More China rallies planned after tough clampdown
Beijing (AFP) Feb 28, 2011
Organisers of an online anti-government campaign called Monday for new rallies in China on March 6 despite a smothering security response at the weekend that saw foreign journalists roughed up.
The anonymous campaigners behind the so-called "Jasmine rallies" -- a reference to the "Jasmine revolution" in Tunisia that sparked unrest across the Arab world -- said their movement had support in dozens of cities.
The new statement was posted on Facebook, Twitter and other overseas social networking sites officially blocked in China and came one day after security personnel turned out in force to thwart gatherings in Beijing and Shanghai.
"According to the feedback we received, on Feb 27, 2011, this movement spread to over 100 cities, largely exceeding our initial expectations of 27 cities," it said, calling for people to "walk" for change again next Sunday.
"We send our salutations to all Chinese citizens supporting and participating in this noble movement!"
Both the US ambassador to China and the European Union delegation in the country condemned the rough police handling of some foreign journalists who tried to report Sunday at the Beijing rally site.
Hundreds of uniformed and plainclothes police had blanketed the city's Wangfujing shopping street for the second week running, aggressively pushing away foreign reporters with cameras and briefly detaining several.
Bloomberg News said one of its correspondents was kicked and punched by at least five men in plainclothes -- apparently security personnel. He required medical treatment.
"This type of harassment and intimidation is unacceptable and deeply disturbing," US Ambassador Jon Huntsman said in a statement.
A similarly tight security presence was seen at the Shanghai protest site near the city's People's Square. No protests were witnessed in Beijing but several unidentified Chinese were seen taken away in police vans in Shanghai.
Citizens have been urged to gather for subtle "strolling" demonstrations -- but take no overt protest action -- each Sunday afternoon at designated locations in cities across China to highlight public anger with the government.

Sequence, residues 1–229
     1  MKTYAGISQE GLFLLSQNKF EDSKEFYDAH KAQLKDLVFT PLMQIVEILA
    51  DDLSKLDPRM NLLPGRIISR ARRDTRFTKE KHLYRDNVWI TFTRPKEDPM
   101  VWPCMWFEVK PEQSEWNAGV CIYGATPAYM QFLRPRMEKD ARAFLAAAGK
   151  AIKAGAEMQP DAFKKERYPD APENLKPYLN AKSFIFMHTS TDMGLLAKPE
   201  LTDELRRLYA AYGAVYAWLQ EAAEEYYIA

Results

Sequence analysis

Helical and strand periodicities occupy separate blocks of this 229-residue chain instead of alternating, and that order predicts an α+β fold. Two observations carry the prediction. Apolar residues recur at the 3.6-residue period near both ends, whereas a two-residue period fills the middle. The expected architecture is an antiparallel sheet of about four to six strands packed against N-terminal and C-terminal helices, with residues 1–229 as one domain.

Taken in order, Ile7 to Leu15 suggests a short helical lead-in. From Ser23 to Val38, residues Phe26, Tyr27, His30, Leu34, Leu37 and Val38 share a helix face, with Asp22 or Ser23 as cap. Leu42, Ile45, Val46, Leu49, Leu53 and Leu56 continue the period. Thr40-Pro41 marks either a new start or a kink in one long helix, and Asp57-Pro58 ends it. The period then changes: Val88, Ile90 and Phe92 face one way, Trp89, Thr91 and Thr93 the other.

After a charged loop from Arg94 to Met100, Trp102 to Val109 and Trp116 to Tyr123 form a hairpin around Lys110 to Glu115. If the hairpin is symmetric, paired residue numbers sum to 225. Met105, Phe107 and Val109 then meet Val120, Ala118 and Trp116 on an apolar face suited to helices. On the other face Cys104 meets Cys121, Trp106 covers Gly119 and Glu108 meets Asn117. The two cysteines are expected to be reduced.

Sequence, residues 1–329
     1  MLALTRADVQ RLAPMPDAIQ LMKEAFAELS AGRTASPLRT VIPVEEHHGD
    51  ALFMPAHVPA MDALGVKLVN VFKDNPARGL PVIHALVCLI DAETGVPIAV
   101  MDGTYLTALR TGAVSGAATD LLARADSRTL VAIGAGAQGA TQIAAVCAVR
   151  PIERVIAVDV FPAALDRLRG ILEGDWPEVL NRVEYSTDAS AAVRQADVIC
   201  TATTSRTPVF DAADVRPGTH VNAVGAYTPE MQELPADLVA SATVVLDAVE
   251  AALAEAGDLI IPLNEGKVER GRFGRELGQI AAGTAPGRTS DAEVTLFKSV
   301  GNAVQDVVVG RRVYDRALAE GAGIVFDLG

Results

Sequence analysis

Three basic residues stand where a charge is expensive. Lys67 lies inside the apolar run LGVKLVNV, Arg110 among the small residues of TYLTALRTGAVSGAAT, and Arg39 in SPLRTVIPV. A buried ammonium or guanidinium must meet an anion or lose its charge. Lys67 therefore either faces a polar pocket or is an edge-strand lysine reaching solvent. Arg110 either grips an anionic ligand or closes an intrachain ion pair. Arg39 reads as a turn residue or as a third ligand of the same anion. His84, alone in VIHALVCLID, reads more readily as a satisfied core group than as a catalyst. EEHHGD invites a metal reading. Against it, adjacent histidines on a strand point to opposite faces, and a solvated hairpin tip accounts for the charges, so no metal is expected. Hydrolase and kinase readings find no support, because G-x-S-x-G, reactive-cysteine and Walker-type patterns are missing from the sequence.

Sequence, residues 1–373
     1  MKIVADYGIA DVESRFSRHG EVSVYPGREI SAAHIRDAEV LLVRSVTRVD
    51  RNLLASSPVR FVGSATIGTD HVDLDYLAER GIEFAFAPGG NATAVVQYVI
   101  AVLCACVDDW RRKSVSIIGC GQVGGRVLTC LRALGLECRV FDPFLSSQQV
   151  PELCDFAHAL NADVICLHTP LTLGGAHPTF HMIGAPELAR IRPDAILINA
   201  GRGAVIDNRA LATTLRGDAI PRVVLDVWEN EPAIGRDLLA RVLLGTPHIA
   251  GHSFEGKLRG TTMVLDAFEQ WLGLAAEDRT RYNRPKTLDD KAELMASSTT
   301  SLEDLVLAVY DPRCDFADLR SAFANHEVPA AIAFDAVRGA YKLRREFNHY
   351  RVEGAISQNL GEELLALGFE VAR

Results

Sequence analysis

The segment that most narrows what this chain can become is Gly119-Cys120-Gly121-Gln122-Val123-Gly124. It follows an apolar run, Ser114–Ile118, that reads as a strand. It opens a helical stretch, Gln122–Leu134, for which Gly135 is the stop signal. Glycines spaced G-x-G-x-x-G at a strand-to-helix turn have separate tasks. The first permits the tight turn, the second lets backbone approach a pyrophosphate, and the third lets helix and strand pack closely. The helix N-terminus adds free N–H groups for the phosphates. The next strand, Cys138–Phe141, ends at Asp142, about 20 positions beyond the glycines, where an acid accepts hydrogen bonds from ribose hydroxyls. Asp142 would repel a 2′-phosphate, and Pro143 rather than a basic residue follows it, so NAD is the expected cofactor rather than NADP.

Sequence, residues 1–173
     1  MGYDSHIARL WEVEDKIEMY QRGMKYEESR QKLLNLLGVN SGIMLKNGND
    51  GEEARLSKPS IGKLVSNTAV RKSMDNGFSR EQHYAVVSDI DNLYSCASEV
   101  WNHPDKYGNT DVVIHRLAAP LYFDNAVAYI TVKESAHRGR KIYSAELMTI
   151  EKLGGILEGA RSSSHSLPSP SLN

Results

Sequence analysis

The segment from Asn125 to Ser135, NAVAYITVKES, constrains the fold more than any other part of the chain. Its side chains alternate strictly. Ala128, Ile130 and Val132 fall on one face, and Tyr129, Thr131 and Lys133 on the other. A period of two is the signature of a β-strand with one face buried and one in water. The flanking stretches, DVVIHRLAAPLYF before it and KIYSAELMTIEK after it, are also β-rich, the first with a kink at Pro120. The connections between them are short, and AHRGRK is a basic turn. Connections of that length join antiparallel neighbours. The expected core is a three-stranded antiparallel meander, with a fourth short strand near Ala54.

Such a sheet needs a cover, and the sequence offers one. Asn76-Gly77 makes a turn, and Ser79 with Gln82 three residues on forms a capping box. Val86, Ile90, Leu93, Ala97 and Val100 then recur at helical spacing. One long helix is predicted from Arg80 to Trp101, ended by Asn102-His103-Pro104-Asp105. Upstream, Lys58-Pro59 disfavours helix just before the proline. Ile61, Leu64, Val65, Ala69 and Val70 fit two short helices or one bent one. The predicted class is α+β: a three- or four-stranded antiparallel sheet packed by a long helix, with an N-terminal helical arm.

The latest call urged "all social groups, intellectuals, unemployed college graduates, retired soldiers, Christians, Falun Gong practitioners, laid-off workers, victims of forced land seizures and building demolitions, and all people suffering from governmental injustice" to take part.
It said some of the organisers were present at rally sites and that those behind the effort would reveal themselves "at a proper time".
Chinese authorities have reacted by rounding up more than 100 known dissidents and rights advocates, activists said, and blocking references to the rallies on websites and search engines.
"We believe these deeds cannot stop the development of the Chinese Jasmine Revolution," the organisers said.
On Sunday Premier Wen Jiabao promised action on top public concerns including soaring inflation, runaway economic growth and official corruption in an online chat with Internet users.
China's leaders have watched developments in the Arab world nervously, as similar issues were among the root causes of the upheaval there.
In particular, China has a history of inflation-triggered public unrest and Wen vowed the government would ensure access to affordable housing and supplies of grains and other key goods.
"Rapid price rises have affected the lives of the people and even social stability," Wen acknowledged.
The protest appeals have demanded official transparency, accountability to the public and an end to government abuses.
Facebook, Twitter and other overseas-based sites on which organisers posted new rally information are normally blocked in China, but accessible via software that circumvents China's pervasive Internet censorship system.
Huntsman, the US envoy, called on Beijing to "respect internationally recognised conventions that guarantee freedom of the press and freedom of expression", and respect the rights of foreign journalists working in China.
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Beijing (AFP) Feb 27, 2011
Chinese Premier Wen Jiabao pledged on Sunday to tackled a range of hot-button public concerns as an online call for rallies across the country to pressure the government fizzled in major cities. For the second straight week, several hundred police officers were mobilised to squelch gatherings in Beijing and Shanghai following the anonymous appeal for citizens to press the ruling Communist Pa ... read more
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